The secret cannot
be kept much longer. Questions are being asked, and sooner rather than later
the New York Mets management will have to produce a statement. It may have
started unraveling in St. Petersburg, Fla. two weeks ago, on March 14, to be
exact, when Mel Stottlemyre, the Met pitching coach, walked over to the 40-odd
Met players doing their morning calisthenics at the Payson Field Complex not
far from the Gulf of Mexico, a solitary figure among the pulsation of jumping
jacks, and motioned three Mets to step out of the exercise. The three, all good
prospects, were John Christensen, a 24-year-old outfielder; Dave Cochrane, a
spare but muscular switch-hitting third baseman; and Lenny Dykstra, a swift
centerfielder who may be the Mets' lead-off man of the future.
three to collect their bats and batting helmets, Stottlemyre led the players to
the north end of the complex where a large canvas enclosure had been
constructed two weeks before. The rumor was that some irrigation machinery was
being installed in an underground pit.
the enclosure, Stottlemyre explained what he wanted. "First of all,"
the coach said, "the club's got kind of a delicate situation here, and it
would help if you kept reasonably quiet about it. O.K.?" The three nodded.
Stottlemyre said, "We've got a young pitcher we're looking at. We want to
see what he'll do with a batter standing in the box. We'll do this
alphabetically. John, go on in there, stand at the plate and give the pitcher a
target. That's all you have to do."
"Do you want
me to take a cut?" Christensen asked.
produced a dry chuckle. "You can do anything you want."
pulled aside a canvas flap and found himself inside a rectangular area about 90
feet long and 30 feet wide, open to the sky, with a home plate set in the
ground just in front of him, and down at the far end a pitcher's mound, with a
small group of Met front-office personnel standing behind it, facing home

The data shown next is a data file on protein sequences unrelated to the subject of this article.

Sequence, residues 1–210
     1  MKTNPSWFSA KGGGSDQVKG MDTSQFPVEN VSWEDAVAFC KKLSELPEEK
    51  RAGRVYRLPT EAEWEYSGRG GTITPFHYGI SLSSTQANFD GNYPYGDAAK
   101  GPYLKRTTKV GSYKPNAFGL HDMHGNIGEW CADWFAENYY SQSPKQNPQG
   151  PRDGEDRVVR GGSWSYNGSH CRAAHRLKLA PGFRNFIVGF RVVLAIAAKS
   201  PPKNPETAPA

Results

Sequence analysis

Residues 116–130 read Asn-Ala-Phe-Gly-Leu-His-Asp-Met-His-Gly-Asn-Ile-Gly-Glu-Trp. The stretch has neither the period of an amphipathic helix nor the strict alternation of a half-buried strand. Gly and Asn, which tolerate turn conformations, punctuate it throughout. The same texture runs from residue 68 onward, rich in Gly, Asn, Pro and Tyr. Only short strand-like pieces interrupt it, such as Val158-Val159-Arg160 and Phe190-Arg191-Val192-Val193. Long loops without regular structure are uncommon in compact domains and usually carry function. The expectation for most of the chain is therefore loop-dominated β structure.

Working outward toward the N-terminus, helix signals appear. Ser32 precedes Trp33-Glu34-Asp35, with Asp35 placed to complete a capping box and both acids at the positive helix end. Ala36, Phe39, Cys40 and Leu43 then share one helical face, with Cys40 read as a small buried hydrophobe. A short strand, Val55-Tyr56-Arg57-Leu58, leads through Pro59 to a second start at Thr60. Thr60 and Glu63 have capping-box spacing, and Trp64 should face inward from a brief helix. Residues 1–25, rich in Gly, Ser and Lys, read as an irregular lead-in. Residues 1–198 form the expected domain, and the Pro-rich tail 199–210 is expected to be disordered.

plate. Christensen recognized Nelson Double-day, the owner of the Mets, and
Frank Cashen, wearing a long-billed fishing cap. He had never seen Doubleday at
the training facility before.
righthanded. As he stepped around the plate he nodded to Ronn Reynolds, the
stocky reserve catcher who has been with the Met organization since 1980.
Reynolds whispered up to him from his crouch, "Kid, you won't believe what
you're about to see."
A second flap
down by the pitcher's end was drawn open, and a tall, gawky player walked in
and stepped up onto the pitcher's mound. He was wearing a small, black
fielder's glove on his left hand and was holding a baseball in his right.
Christensen had never seen him before. He had blue eyes, Christensen remembers,
and a pale, youthful face, with facial muscles that were motionless, like a
mask. "You notice it," Christensen explained later, "when a
pitcher's jaw isn't working on a chaw or a piece of gum." Then to
Christensen's astonishment he saw that the pitcher, pawing at the dirt of the
mound to get it smoothed out properly and to his liking, was wearing a heavy
hiking boot on his right foot.
since been persuaded to describe that first confrontation:
in there to give this guy a target, just waving the bat once or twice out over
the plate. He starts his windup. He sways way back, like Juan Marichal, this
hiking boot comes clomping over—I thought maybe he was wearing it for balance
or something—and he suddenly rears upright like a catapult. The ball is
launched from an arm completely straight up and stiff. Before you can blink,
the ball is in the catcher's mitt. You hear it crack, and then there's this
little bleat from Reynolds."